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[fa icon="calendar"] Jul 28, 2016 8:00:00 AM / by Lily Bruns

Not many litigators would leave Big Law to start the grueling journey of a legal tech entrepreneur, but our Founder, Alma Asay saw an industry at a tipping point and knew she had the solution to a growing problem. At the Janders Dean & Chicago-Kent College of Law Legal Horizons Conference, Asay was invited to share her insights on the future of litigation and what drove her to build Allegory's litigation management platform.

When most people think about litigation technology, E-Discovery software comes to mind. When practicing at Gibson Dunn & Crutcher, Asay was frustrated that few vendors and technologists support the traditional practice of litigation:

"We would work with vendors and they would get us to production and their website would say "we're end to end," but the last bullet point would be production. I'm sitting there thinking that's no help to me at all! I'm focused on traditional litigation activities like filing motions, preparing for depositions, preparing for trial, and those tools weren't built for those activities. We would create complex spreadsheets to track of all the documents in the case, the key portions of those documents and how they were being used throughout the case, but it just seemed so impractical that Excel was our best solution."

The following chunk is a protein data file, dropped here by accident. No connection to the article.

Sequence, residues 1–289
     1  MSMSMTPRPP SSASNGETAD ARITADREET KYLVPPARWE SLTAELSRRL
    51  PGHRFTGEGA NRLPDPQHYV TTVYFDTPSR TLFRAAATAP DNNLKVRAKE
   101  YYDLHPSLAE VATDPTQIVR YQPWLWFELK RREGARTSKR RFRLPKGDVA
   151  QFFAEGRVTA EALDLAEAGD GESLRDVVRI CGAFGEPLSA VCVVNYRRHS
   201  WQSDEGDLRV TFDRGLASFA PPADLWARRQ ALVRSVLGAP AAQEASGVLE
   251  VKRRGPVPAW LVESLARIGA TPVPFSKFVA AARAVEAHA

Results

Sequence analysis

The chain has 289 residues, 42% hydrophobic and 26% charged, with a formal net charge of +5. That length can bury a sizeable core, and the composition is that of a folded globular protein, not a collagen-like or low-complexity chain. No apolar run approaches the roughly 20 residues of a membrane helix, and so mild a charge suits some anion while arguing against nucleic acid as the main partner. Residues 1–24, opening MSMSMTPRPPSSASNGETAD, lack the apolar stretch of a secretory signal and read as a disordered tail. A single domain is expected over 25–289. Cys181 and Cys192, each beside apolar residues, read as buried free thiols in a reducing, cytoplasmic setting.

Software that improves the traditional practice of litigation

Many conflate litigation with the EDRM, so Asay finds it useful to flip the EDRM on its side to distinguish litigation activities, creating the "Upside-Down T of Litigation":

"What we focus on is not E-Discovery, but everything that comes both before and after E-Discovery, as well during E-Discovery that really brings us back to the traditional litigation practice."

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Electronic data and the tipping point of litigation

Lawyers have always had their hands full, but once upon a time, it was possible to manage a case with a supply of manila folders and file boxes. With the explosion of electronic data, paring down terabytes of information to find what was relevant to a dispute became unmanageable without technology. Even with the help of E-Discovery software, the number of documents that are responsive in a complex litigation can be overwhelming. To Asay, this became her calling:

"This is what really drove me to leave Gibson Dunn - this feeling that we were reaching this tipping point, where we had thousands of exhibits that we not only needed to keep track of or know that they were important. We actually needed to know what specifically about each document was important, and how it had been used through-out the case, and what our witnesses had testified about it. And we had to have that information at our fingertips! It was just getting more and more impossible as the original data set grew bigger, and what trickled down to actually be important to the case got bigger."

Building a more efficient tool for litigation management

Technology is increasingly used in discovery and is even gaining traction in the traditional practice of litigation. These tools help litigation teams keep track of their important documents, the key evidence in the case, and how all those pieces relate. Asay knew there was a better way to work:

"One of the things we're doing at Allegory is trying to take these processes that lawyers and paralegals are working on every day and making them more efficient."